The African Pears have long been used in the traditional medicine of some African countries to treat various ailments such as wound, skin diseases, dysentery and fever. The extracts and secondary metabolites have been found to show biological activities such as antimicrobial, antioxidant and anti sickle-cell disease. A wide range of chemical constituents such as terpenes, flavonoids, tannins, alkaloids and saponins have been isolated from the plant. There are several nutrients in pears such as vitamins A, B1, B2, folic acid, niacin, C and E. Minerals such as potassium, copper and phosphorous are also found in pears. Calcium, iron, magnesium, sulphur, chlorine and sodium are present in lower quantities. Certain varieties of pears have higher iron content. When you cut a pear and it turns brown, it means that it is rich in iron.
The May/July fruit has been researched to have immense benefits more than what you could have ever imagined. “Ube” as it is called by many Nigerians has come to stay as beyond the delicious taste of the fruit when boiled or roasted, many more unthinkable are needs to be known about this exceptional fruit.
The local pear grows mostly in the tropics. It grows up to 18 metres in height and exudes an odoriferous gummy substance called resins or exudates from injured or excised portion of the stem. It is cultivated in most rural communities by the peasants, farmers for its fruits. The fruit is red, turning blue-black when ripe with unpleasant turpentine smell. Here is a list of the usefulness of this amazing fruit you, probably, did not know before now.
It aids the treatment of wounds and parasitic skin disease
From time immemorial, local doctors are always in need of African pear when there is a case of deep and parasitic wounds and it has always worked. The fleshy bark of the fruit after it is boiled has been said to cure ringworms, “craw-craw” (body rash) and many more.
It can also be used as an agent of formulation for toothpaste
Pharmacists have claimed thatexudates of native pear can also be used as a part of the ingredients that formulates toothpaste. This is because scientific evaluation has it that the fruit has antimicrobial and antioxidant properties. According to a study by D. E. Okwu and Fred U. Nnamdi of the Department of Chemistry, Michael Okpara University of Agriculture, Umudike, Abia State, the high concentration of calcium and phosphorus in the fleshy areas of the fruit is known to improve the dentine formulation protecting the enamel from demineralisation.So, when next time you sense a need to make your teeth healthier and also the need to make any skin rash to disappear, grab as many local pears as possible.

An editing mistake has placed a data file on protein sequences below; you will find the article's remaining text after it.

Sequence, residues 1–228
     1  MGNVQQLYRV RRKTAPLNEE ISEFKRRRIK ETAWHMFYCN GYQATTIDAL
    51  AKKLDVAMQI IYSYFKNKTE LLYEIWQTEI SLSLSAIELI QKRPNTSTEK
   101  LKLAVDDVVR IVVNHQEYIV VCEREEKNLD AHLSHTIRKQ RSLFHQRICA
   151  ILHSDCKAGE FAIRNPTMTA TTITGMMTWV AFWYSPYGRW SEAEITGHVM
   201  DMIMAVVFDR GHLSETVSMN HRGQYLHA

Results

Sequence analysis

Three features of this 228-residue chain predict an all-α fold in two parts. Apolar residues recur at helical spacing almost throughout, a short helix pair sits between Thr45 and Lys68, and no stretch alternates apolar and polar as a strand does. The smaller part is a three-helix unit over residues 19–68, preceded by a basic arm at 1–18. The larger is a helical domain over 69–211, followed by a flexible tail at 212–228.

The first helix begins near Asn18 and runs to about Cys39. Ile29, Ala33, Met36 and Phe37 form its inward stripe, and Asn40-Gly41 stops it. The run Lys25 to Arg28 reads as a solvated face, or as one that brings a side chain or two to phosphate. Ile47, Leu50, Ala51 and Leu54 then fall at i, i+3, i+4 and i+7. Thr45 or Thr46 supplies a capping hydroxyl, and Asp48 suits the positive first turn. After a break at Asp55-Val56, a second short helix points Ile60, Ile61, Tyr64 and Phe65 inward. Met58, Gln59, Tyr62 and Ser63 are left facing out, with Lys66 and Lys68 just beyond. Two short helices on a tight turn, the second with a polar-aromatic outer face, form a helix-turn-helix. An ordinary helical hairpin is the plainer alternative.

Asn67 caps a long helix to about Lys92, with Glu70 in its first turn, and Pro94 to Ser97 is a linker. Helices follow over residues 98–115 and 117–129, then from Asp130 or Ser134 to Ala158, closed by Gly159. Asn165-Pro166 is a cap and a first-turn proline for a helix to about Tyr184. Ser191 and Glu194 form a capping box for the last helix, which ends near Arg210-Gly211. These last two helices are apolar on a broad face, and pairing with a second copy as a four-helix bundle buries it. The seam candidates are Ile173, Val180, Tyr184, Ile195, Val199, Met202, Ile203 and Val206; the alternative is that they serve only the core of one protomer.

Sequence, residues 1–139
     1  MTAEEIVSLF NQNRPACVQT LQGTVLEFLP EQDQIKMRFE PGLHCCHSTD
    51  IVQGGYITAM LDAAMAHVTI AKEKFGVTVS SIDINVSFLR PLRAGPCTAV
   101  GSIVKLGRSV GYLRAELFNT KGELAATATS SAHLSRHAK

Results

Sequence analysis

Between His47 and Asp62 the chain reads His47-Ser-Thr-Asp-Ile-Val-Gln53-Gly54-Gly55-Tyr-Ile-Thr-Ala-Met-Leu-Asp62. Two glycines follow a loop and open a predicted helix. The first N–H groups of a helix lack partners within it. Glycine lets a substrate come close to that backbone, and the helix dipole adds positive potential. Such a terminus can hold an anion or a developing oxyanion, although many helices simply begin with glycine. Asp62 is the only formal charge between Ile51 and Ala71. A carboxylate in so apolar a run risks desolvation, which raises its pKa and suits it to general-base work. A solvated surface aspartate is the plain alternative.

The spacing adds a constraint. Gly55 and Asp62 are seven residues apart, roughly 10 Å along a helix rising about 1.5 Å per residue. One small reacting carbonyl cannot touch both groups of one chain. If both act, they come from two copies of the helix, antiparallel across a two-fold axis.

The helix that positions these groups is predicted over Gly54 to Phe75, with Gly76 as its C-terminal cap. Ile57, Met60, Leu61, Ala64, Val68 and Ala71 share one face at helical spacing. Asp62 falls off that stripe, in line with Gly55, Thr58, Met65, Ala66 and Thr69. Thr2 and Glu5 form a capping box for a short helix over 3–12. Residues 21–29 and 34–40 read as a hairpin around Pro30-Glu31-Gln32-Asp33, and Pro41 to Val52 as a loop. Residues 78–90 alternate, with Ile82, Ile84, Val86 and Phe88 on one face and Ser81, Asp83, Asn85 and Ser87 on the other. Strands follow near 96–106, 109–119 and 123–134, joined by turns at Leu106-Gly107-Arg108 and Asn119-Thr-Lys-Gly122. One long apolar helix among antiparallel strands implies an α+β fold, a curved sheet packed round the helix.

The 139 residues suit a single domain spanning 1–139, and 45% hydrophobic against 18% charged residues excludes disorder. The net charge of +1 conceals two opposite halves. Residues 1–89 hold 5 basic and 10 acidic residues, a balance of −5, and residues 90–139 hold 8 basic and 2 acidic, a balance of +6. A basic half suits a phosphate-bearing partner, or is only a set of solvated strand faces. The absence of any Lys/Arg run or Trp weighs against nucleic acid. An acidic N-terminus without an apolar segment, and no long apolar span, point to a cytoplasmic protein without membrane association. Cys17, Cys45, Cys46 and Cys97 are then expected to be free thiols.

Supports healthy babies:
Eating pears during pregnancy helps to prevent neural tube defects in the baby because of the folic acid found in pears.
Boosts immunity against diseases:
Studies revealed that African pear is loaded with essential ingredients for warding off diseases. The antioxidant property of African pear makes it good for strengthening of the immune system.
Consuming pear juice regularly helps to regulate bowel movements. The presence of fibre in pears helps prevent constipation and also ensures regularity of bowel movement. In an interview by Secretary General, West African Association of Food Science and Technology (WAAFoST), Professor Osaretin Ebuehi said that its richness in several minerals and fibre makes it important in attainment of good health.
Pears are often recommended due to their high levels of vitamins and minerals for pimple. Minerals are helpful in neutralising skin acids and regulating the pH balance of the skin. This is beneficial in preventing and treating acne.
Some women may find it difficult to become pregnant due to fluctuations in insulin levels. One way to balance insulin levels is by eating fresh fruits. Fruits contain natural sugar which is beneficial for the reproductive system. This is the reason some health experts recommend pears for fertility. Pears also supply the body with essential vitamins and minerals that improves body immunity and aid in fertility.
Maintains dry skin:
Pears can serves as a form of face mask for oily skin. Add half a teaspoon of honey and one tablespoon of body cream to one mashed ripe pear. Apply the mixture over the face and neck and let it remain for about 15 minutes. Rinse with lukewarm water.
Its richness in fibre and low glycaemic index makes pear a smart snack for those with diabetes. The bloodstream slowly absorbs a pear’s carbohydrate, preventing a spike in blood sugar and helping to control blood glucose levels.
In addition, pectin a substance present in pear is diuretic and thus may have mild laxative effect, thus making the fruit ideal for persons those who suffer from constipation.